Phones should be put away by adults and children when talking. Children need to feel as though they have your undivided attention. You cannot expect them to communicate with you if you are distracted. This means not even holding your phone or having it within reach on a table.
Model the behaviours you want to experience
It's important to give children space and time to express themselves to you without interrupting them. Modelling this approach will lead to them affording you the same opportunity. Make sure you're role modelling the behaviours you want to see in your teenager. They are constantly observing adults for cues on how to behave and acceptable tones of voice and demeanour. This may take time to embed, but consistency is the key here.
Their behaviour is not always in their control
Let them know that you're there for them, and that you support them no matter what. Teenagers can be incredibly emotional, so it's important to show that their feelings are important. It’s worth noting that the prefrontal cortex or the ‘CEO of the brain’ responsible for the moderation of ‘good judgement’, decision making, and emotions, is one of the last regions of the brain to reach maturation. This time frame may help us understand why teens can act in a manner that adults find irrational and risky. This brain development does not reach completion until the age of 25, so you will need to cut them some slack for their decision making as it really isn’t in their full control.
Listen, don’t tell
It’s tempting to tell your teen that you understand how they feel, but I would caution against this, because they might not be willing to accept your grasp of the situation, even if it is spot on. Avoid the ‘when I was your age…’ statement. You may think this shows empathy, but you would be better off listening to them as opposed to telling them you’ve been there. To some teens, this approach can come off as patronising, dismissive and superior, even though this is unlikely to be your intention. To move things on, work out a solution together. This could involve setting some ground rules, or simply talking through the issue until you are both happy with some form of compromise. This shows that you have listened to them and taken their feelings seriously. This builds respect and sets the foundations of a supportive relationship.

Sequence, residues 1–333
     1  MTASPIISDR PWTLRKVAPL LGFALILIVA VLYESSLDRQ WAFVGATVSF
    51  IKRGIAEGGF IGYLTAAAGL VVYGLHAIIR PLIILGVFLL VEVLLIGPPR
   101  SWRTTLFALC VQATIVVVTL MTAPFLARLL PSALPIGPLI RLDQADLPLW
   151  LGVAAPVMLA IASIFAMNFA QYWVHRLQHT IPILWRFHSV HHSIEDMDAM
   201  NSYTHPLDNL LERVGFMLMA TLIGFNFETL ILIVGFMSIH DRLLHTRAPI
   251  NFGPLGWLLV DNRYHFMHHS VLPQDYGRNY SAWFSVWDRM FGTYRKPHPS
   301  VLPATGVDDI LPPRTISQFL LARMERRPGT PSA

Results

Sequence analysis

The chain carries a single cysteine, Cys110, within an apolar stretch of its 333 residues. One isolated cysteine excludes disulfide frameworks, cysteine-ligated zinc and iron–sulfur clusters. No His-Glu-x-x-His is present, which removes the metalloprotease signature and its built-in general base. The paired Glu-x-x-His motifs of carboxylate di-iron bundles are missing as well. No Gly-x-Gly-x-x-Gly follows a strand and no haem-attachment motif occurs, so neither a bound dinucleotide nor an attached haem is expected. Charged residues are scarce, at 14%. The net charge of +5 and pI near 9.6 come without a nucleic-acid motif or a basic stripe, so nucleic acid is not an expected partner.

All behaviour is communication and that goes for teens and their parents alike. Try to see the world through their eyes without telling them what to do. The difficulty lies in the opposing forces of you wanting to protect them and them needing to make mistakes and learn from them.
Parenting, guiding, and caring for children is not a ‘one and done’ action. It takes time, resilience, consistency, and thought. There is no perfect parent, and this should not be the aim.
The most important take away I can offer is to listen more than you talk and avoid wanting to be right. This will only lead to relationships becoming distant and strained.
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I write monthly about the science of learning, teaching/pedagogical strategies, ed tech, education research, dyslexia, online and blended learning. You can find my Teaching for Learning online course here.